Why was Windows gaming a no-show at Microsoft's E3 event? Apparently, it's because Microsoft felt the venue wasn't right. That's what Xbox chief Phil Spencer suggested in a recent interview with Polygon, anyway.
While Spencer conceded that PC games like League of Legends and World of Tanks have bigger followings than console blockbusters, he went on to state:
E3's a retail show . . . It's a retail show, it's a console show, so it didn't really feel like the right place for us to talk about Windows, but Windows and gaming on Windows is critical to Microsoft's success.
When asked which event might be more appropriate for the PC, Spencer told Polygon, "Well they do these huge world championship events and they fill up arenas. . . I do think there could be a space there."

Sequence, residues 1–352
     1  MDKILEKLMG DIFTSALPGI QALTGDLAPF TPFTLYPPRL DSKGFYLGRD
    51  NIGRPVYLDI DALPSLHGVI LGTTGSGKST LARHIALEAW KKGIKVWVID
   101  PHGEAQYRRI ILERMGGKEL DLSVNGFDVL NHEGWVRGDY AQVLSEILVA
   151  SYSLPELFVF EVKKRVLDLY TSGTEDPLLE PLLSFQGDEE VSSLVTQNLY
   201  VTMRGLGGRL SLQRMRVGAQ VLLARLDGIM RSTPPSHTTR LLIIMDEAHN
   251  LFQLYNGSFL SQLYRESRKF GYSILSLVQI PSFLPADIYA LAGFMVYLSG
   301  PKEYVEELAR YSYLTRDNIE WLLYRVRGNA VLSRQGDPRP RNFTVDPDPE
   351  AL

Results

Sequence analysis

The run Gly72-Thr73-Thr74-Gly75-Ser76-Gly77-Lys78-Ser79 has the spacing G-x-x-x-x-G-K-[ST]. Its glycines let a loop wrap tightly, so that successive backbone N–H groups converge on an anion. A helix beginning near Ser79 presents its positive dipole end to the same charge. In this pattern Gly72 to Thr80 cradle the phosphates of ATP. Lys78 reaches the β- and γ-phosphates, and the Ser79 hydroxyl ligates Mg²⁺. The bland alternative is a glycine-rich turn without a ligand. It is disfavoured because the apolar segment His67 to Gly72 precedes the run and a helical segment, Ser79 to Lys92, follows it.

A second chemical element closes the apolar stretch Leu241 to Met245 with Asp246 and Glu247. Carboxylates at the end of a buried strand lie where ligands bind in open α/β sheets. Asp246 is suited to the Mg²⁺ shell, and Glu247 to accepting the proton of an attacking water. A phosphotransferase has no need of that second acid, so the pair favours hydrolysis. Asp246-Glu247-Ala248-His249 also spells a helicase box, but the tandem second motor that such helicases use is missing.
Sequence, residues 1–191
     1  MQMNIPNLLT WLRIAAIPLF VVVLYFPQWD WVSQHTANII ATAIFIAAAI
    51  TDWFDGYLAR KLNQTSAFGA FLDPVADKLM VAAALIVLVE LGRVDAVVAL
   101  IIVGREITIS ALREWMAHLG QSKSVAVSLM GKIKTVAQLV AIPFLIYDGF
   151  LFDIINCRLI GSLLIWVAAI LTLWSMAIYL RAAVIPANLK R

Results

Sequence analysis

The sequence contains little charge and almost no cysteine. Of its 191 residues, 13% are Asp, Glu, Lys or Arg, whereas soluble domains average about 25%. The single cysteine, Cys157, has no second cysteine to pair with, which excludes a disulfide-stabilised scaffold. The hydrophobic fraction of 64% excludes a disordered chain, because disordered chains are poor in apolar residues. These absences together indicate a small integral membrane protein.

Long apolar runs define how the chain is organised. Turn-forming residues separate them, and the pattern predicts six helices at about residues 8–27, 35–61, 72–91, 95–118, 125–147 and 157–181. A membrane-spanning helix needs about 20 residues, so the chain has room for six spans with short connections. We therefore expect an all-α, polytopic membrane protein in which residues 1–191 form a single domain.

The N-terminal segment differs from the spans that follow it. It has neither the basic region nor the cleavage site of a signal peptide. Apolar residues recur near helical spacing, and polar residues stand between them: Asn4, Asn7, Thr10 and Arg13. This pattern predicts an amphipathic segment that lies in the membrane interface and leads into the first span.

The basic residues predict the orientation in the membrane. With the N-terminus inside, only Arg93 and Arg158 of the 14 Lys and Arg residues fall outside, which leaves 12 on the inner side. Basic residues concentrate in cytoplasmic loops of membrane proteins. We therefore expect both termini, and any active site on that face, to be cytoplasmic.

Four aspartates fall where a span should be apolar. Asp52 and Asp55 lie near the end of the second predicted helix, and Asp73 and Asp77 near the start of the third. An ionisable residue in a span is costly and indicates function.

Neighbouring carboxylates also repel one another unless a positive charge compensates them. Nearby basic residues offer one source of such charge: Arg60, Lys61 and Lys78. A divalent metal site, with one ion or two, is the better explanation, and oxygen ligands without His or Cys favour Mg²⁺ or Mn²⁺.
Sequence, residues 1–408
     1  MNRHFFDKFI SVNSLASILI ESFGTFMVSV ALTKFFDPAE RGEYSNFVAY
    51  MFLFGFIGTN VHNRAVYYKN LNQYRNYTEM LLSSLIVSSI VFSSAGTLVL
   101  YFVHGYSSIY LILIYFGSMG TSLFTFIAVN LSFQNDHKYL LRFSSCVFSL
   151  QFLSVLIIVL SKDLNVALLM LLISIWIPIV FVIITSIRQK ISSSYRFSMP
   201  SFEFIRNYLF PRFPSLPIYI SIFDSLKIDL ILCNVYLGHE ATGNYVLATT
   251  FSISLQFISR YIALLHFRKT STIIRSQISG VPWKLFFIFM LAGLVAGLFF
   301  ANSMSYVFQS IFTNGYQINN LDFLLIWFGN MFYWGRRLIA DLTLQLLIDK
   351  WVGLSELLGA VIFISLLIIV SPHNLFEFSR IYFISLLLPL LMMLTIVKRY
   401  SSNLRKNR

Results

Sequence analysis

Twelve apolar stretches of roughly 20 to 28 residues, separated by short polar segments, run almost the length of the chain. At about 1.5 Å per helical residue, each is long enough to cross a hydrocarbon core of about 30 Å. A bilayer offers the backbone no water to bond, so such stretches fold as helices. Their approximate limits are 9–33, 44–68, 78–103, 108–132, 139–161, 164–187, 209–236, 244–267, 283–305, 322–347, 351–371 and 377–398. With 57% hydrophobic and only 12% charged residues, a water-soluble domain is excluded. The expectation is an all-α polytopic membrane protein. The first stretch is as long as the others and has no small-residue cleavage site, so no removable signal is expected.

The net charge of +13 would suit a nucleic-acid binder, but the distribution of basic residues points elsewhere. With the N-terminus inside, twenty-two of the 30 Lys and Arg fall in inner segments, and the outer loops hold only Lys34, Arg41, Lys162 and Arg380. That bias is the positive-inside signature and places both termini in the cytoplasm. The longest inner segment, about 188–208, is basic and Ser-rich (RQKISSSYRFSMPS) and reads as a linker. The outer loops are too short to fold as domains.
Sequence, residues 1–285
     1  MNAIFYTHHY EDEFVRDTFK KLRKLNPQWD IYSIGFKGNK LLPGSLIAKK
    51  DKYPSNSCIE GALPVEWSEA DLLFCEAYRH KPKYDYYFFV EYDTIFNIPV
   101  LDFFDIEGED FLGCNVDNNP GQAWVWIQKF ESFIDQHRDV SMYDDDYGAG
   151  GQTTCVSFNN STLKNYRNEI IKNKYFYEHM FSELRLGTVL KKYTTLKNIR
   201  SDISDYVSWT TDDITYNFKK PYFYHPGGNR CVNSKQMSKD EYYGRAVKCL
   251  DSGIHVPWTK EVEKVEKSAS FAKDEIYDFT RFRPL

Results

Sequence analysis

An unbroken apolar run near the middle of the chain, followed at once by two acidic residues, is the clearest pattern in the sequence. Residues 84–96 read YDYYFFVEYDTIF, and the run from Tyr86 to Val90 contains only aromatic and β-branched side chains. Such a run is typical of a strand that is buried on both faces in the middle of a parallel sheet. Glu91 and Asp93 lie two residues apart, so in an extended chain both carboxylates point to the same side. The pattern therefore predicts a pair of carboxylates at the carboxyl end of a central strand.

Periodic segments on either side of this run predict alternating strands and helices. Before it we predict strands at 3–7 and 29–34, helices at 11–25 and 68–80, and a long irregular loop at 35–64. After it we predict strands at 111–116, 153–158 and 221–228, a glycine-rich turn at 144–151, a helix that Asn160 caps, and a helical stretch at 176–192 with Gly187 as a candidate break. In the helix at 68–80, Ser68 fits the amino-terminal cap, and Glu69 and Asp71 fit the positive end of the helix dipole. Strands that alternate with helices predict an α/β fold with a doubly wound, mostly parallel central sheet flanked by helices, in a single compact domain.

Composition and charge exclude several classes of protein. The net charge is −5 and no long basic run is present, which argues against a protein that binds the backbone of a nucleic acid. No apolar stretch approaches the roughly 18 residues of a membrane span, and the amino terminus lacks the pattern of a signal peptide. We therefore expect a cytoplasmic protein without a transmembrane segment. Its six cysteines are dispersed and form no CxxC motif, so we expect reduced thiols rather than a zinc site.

Spencer was presumably alluding to Intel's Extreme Masters e-sports events, the most recent of which gathered more than 55,000 people in Katowice, Poland for a StarCraft II and League of Legends extravaganza. You'd think Microsoft, a steward of the PC gaming platform, would work a little harder to cater to all those people. But I guess the company is more interested in selling Xbones.
|Adesso and Azio keyboards look strikingly familiar||6|
|Alphacool Eislicht makes for a moody PC interior||6|
|Thermaltake Versa C22 RGB case is the envy of KITT||9|
|Ryzen CPUs and AM4 mobos are ready for pre-order||59|
|Nvidia all but confirms the GeForce GTX 1080 Ti||40|
|Report: VR headset market is dominated by Google Cardboard||6|
|Intel XMM 7560 modem is ready for 5G anywhere in the world||7|
|AMD's eight-core, 16-thread chips lead the Ryzen charge||296|
|Best part of the article? We're flying home with Ryzen review samples as of this writing.||+32|